Homeowners with pets often miss the hidden dangers lurking in their backyard. To make sure one’s yard is safe to use for puppy playtime, homeowners must be sure that their dog can’t escape and is kept away from dangerous items. Read on for four things homeowners should watch out for before putting their dog in the backyard.
Cover Your Bases
When setting up a backyard play area for dogs, don’t forget to consider a dog’s ability to dig. Though many homeowners take care to fence in their backyards, this isn’t enough to stop dogs that are determined to escape. While wireless fencing is a popular option, pet owners that prefer to avoid the shock collar solution can have a foundation added to their fencing. This is typically a cement barrier that goes deep into the ground, making it impossible for your dog to simply dig under the fence without creating a serious and easily visible tunnel that could not be done in a single day.
Build High Fencing for Jumpers
When homeowners install a fence in the backyard, the fence should be tall enough that their dog can’t jump over. Homeowners with bigger dogs especially need to consider higher fencing as a 4ft fence isn’t likely to deter larger breeds. Ideally, homeowners should consider fences above 5ft or 6ft as this provides a tall enough barrier that the dog won’t be able to jump.
Even with the tallest fences, homeowners must be careful to not leave anything stacked near the fence as dogs may find their way up and over them if they are close enough to the fence. Be sure to keep the area near the fence clear to make sure dogs have no way to get out.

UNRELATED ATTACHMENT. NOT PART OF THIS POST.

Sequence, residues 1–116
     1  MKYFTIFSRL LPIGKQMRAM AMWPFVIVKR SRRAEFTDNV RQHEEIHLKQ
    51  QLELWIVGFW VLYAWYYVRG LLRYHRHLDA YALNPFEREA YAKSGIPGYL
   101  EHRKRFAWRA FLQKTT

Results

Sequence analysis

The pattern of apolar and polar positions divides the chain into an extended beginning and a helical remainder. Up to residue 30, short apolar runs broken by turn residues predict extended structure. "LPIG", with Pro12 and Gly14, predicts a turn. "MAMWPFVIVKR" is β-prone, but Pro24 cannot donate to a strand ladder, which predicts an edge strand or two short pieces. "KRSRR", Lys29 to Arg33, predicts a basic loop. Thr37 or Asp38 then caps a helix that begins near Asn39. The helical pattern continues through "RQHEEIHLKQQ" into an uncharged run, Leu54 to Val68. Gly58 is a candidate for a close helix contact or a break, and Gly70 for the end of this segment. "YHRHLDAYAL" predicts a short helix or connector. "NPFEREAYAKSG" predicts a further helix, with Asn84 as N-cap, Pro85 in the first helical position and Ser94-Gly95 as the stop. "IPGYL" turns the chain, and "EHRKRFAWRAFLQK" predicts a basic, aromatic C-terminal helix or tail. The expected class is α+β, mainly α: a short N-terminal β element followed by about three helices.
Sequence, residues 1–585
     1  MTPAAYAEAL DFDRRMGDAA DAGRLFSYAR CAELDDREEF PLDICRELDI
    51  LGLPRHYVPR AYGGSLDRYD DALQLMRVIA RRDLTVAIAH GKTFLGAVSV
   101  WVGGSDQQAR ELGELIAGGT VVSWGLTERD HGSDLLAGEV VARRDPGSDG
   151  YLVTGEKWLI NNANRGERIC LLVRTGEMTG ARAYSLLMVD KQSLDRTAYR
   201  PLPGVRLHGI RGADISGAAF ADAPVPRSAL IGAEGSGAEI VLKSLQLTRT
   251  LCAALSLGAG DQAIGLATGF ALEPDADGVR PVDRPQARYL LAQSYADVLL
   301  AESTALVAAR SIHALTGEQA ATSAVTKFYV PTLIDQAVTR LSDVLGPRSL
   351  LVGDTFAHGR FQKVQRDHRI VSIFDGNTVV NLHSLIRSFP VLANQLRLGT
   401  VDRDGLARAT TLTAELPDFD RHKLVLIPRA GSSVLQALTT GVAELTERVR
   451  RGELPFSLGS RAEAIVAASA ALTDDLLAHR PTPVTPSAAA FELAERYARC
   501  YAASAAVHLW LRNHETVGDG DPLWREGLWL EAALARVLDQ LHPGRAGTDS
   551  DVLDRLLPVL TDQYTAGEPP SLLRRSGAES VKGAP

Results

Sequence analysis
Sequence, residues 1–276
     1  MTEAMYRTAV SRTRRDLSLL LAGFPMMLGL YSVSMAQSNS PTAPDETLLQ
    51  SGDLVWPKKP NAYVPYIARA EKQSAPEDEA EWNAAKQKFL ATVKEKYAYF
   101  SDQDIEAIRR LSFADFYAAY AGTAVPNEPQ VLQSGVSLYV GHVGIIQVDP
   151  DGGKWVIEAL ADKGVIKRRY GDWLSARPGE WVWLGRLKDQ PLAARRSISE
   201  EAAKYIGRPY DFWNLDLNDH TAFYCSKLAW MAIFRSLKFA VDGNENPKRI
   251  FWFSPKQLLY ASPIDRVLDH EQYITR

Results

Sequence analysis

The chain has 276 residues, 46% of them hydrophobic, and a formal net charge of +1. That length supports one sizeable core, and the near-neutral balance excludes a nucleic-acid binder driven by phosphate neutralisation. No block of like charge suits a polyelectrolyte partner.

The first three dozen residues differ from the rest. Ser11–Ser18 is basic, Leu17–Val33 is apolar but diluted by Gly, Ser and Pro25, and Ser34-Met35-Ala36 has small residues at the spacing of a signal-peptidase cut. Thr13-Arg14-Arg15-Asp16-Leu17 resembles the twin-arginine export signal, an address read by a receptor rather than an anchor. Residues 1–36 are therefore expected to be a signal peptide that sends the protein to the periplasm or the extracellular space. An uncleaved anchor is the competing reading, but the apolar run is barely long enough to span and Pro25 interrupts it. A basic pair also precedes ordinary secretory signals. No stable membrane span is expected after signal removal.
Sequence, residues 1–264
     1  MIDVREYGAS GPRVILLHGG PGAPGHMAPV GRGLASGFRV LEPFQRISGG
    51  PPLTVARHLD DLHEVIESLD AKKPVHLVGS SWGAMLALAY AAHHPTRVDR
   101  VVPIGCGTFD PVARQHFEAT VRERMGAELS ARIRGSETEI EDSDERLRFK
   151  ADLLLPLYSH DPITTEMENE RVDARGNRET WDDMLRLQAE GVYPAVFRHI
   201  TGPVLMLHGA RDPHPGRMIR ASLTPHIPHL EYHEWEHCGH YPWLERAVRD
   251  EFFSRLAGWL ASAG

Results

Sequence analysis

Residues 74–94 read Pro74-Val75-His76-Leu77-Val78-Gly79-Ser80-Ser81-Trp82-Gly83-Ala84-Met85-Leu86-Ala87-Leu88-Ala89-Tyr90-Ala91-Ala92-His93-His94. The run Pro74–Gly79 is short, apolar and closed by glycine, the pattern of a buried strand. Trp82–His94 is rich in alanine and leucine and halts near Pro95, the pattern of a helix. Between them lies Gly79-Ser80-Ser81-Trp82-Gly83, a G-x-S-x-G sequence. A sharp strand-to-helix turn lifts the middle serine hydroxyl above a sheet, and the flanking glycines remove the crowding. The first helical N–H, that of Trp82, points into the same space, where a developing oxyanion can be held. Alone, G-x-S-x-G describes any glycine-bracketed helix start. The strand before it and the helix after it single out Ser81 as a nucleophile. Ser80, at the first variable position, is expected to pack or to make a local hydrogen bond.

Leave the Yard Clutter Free
It isn’t uncommon for homeowners to work on DIY projects in their backyards. However, this hobby can become an issue if anything dangerous is left laying around the yard. Items like netting, chicken wire, or other sharp objects can easily cause injury to a dog. While you may think that putting up wire can keep your dog out of the garden, you may need to consider other options, as your dog may become entangled while exploring. Other hazards like old appliances and anything with electricity or chemicals that your dog should not be licking at must be removed before you leave your dog unsupervised in the yard.
Avoid Using Harmful Chemicals in the Yard
Another component of a dog-friendly backyard is a lack of chemical pesticides and other products. As 71.1% of pet owners have experienced suspected poisoning as a result of their dog ingesting pesticides, it’s essential that homeowners use chemical-free landscaping supplies, such as wooden boards with all-natural finishes and organic fertilizers. Much like infants, dogs have a tendency to explore the world through their mouth, and anything that should not be ingested by your dog should not be found in their outdoor doggy play area.
While hoops and tunnels are great exercise for dogs, the most important thing for your dog is a safe place to play. Once you have secured the area and removed any toxic or dangerous materials, then you can look into adding things back in to give your dog variety in their play.